Above are footballing legends Bobby Charlton and George best who both played for Manchester United During the 1970's. Notice how the only design on the shirt is that of the Manchester United emblem. There are no manufactures logos, no league sponsor logos and no corporate logos that sponsor the team.

Steven Gerrard possing for the cameras in a full Liverpool kit. A very recognisable Calsburg logo appears in the centre of the shirt.

Wayne Rooney celebrating a goal for Manchester United last year. Again the massive corporate logo is unmissable in the centre of the shirt. This is the logo for the American insurance company AIG. Also note the premier league emblems on each sleeve. Barclays is just about visible in the emblem, this of course being the British bank who sponsor the Premier league.

Didier Drogba celebrating a goal for Chelsea F.C last season. The Samsung Mobile logo is quite clearly seen in the middle of the shirt. This even overpowers the Chelsea emblem which most people argue should be the main focus of the shirt. Centered towards the top of the shirt is the also the company logo of the manufacturer who made the shirt, Addidas.


To sponsor something is to support an event, activity, person, or organization financially or through the provision of products or services as part of brand identification and marketing. A sponsor is the individual or group that provides the support, similar to a benefactor.

In todays modern world, where business and money are king, sponsorship is at the forefront of any event that we come across during our day to day lives. Whether it be a particular brand of chocolate that is in association with one of your favourite T.V soaps, or a brand of paint that sponsors your local football team... sponsorship is everywhere.

In simple terms sponsor ship is a clever way of getting a particular brand name noticed through a benefactor. For example if Samsung mobile pay Chelsea football club to put their logo on the front of their shirt then both parties win because Samung are getting advertisement through a well respected football team and Chelsea are getting paid for it.

More and more money is being put into sponsorship each year and as business keeps growing so will the need to to increase sponsorship.

Monday, 18 October 2010

Corporate Sponsorship in Motorsport


This is a rally car from 2010. As you can see there are numerous sponsors on the car body, however unlike formula 1, the car does not seem to have a main sponsor or partner like Vodafone. This is why more space is given to other companies who will each pay less.


This is a Subaru Impreza from the 2000's. There is a surprisingly little amount of sponsorship on the car body and the most visible logo is actually the manufacturer of the car itself.


By the 1990's sponsorship in this sport was in full swing. We can see this by looking at the picture above. The car is literally littered in sponsorship to the point were the car actually looks dirty.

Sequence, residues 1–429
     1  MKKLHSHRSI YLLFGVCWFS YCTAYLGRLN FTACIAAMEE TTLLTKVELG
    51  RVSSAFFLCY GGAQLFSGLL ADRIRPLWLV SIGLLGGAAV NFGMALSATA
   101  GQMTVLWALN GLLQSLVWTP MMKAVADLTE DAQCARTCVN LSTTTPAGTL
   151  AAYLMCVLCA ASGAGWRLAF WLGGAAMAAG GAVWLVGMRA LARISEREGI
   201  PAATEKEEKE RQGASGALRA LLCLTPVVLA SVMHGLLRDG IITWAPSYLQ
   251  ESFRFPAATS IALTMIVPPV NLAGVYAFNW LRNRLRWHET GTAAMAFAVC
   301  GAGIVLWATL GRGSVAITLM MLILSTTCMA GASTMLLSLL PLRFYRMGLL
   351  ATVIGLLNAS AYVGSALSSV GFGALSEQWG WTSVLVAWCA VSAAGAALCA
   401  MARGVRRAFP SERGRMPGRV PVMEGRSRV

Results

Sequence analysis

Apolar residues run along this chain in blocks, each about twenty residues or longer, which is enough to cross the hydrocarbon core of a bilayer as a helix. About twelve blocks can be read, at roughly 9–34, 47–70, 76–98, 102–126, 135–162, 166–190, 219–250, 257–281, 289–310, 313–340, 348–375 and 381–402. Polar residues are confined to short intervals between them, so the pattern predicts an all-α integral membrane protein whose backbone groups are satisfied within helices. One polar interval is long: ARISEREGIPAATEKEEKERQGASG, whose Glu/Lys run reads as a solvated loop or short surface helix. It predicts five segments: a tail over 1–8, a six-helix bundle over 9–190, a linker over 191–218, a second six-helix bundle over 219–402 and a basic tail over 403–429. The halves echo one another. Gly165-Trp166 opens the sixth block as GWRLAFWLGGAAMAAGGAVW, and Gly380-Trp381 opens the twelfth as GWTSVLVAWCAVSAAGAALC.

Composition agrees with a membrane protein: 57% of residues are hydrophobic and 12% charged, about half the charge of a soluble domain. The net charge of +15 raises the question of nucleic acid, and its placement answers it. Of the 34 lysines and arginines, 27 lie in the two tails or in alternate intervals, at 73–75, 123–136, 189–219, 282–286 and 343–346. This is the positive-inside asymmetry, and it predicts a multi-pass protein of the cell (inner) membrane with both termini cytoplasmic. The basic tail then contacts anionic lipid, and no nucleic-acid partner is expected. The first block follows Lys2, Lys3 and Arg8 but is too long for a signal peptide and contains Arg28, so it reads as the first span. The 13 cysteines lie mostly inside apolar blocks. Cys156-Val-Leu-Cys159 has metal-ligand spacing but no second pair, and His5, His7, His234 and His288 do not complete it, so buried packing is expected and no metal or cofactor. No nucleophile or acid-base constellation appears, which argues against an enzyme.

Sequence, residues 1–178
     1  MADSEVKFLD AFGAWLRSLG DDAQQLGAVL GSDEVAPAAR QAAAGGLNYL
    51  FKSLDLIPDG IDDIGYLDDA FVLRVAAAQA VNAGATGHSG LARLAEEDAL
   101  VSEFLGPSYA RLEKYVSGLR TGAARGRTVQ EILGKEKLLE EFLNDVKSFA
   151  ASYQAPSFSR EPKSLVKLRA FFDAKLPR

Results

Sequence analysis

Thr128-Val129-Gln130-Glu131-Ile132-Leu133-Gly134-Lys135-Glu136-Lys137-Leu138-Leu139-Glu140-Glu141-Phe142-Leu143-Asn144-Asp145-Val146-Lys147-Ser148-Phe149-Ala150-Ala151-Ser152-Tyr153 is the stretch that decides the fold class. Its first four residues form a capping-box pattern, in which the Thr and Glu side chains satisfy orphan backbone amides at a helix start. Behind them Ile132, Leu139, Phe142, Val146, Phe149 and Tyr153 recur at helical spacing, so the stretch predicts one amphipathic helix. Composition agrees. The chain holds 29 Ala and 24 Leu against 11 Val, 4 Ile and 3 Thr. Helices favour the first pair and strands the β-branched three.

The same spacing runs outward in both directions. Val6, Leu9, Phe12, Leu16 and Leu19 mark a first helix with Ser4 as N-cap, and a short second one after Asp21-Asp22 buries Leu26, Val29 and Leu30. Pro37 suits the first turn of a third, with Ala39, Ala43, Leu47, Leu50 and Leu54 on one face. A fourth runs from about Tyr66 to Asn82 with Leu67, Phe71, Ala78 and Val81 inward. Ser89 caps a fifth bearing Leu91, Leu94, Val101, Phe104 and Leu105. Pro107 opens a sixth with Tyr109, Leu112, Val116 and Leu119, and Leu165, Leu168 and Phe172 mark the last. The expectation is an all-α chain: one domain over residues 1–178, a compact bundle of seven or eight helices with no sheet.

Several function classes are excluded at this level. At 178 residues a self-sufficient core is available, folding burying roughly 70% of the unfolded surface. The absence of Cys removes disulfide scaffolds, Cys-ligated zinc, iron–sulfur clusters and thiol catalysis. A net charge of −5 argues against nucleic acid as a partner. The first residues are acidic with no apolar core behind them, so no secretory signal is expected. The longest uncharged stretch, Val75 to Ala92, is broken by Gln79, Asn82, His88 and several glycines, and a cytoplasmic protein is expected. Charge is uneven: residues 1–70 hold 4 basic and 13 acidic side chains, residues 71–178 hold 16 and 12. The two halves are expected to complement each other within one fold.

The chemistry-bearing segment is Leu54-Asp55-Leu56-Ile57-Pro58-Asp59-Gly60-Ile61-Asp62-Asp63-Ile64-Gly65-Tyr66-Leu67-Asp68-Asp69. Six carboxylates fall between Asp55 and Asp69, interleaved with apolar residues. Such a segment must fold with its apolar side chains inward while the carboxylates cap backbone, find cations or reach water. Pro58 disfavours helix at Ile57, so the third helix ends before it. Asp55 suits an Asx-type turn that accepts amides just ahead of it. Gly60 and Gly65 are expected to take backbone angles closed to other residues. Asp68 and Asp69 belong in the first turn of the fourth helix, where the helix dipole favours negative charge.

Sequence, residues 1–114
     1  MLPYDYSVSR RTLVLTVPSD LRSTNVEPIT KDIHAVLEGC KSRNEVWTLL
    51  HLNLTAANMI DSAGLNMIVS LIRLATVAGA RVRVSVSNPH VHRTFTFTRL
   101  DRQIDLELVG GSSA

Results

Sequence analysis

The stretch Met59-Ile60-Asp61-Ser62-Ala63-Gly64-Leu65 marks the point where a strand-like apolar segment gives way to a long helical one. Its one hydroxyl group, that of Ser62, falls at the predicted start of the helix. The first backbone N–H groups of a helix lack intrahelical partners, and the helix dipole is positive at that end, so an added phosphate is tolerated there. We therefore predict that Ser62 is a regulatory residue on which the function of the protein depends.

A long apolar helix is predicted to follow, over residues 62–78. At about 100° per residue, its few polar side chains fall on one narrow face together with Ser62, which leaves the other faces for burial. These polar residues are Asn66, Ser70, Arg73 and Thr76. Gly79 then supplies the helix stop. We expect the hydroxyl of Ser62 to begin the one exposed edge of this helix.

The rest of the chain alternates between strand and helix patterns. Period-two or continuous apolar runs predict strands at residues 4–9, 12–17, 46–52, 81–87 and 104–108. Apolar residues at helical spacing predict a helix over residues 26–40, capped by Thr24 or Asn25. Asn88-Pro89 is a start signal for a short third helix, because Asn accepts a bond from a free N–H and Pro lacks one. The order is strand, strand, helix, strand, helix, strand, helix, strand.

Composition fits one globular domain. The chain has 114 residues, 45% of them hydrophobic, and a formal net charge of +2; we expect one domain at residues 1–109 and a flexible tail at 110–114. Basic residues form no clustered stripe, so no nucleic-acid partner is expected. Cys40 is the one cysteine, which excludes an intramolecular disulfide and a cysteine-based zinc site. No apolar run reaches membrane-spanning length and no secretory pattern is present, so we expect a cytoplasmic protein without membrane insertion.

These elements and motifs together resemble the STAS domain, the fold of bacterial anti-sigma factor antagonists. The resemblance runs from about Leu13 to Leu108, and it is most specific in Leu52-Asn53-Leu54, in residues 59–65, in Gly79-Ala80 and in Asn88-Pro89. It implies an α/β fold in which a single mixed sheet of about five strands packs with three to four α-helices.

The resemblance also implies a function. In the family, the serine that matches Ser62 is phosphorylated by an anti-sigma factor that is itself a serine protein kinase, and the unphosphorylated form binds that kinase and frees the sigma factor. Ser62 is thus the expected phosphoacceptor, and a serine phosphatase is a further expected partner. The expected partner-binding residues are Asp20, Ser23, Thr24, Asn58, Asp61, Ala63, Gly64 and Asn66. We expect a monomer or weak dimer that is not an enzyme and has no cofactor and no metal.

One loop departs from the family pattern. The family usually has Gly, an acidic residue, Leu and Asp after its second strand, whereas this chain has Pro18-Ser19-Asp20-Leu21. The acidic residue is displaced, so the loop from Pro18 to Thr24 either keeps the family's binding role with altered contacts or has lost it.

By the 1980's we can see that the main space is now given to a company totally unrelated to the sport. In this case the space and also the colour scheme of the car has been bought by Americanino Jeans (presumably an Italian jean company.) The name of the company is visible four times from just one angle of the car.


This is when we begin to see sponsorship start to come into this motor-sport. It also begins to come into Formula one at the same time. We can see that the number of the car now appears on the top and the name of the manufacturer can be seen on the side of the car.


This car from the 1960's resembles the 1950's care, although there are some symbols and logos that can be seen on the back window of the car.


Here is a classic rally car from the 1950's. It resembles that of the early F1 cars from the same era that appear earlier in this post. The car is plain white with only its number (175) on each side of the car.


By the year 2010 we can see that there are a numerous number of sponsors. However the main space is now given to main sponsor or partner, in this case it is the tele communications company Vodafone.


By the year 2000 we can quite clearly see that the car is literally littered with sponsorship deals. We can also see another type of advertising that will get increasingly popular over the years and that is the website address that can be seen in bold print 'www.minardi.it'



In these two shots above taken from the 1980's and 1990's, we can see that other companies that have nothing to do with production of the car, start to appear. For instance the 'Marlboro' Cigarette company and 'Fosters,' who produce lager beer.

The logos and names for these particular companies have also started to get much bigger and are more numerous. For example in just one shot from 1990's the fosters logo appears four times and the name of the brand is presented in a huge banner over the track.


Moving onto the 1970's and we can see that sponsor ship has begun to take off. Most noticeably on this car are the to 'Elf' logos that appear in white. Elf of course being a big business petroleum company. Also on the back wing we can see the 'Goodyear' logo and on the bottom right hand side of the front wing we can see a little ford logo.


This photo taken of a ferrari model from the 1960's shows us that little has changed in a decade and that there is still no sponsorship deals in sight.


This is a photo taken from the early days of the grand prix in 1950. Even though the photo is black and white and little grainy it is still fairly obvious to the naked eye that there is no sponsor ship at all.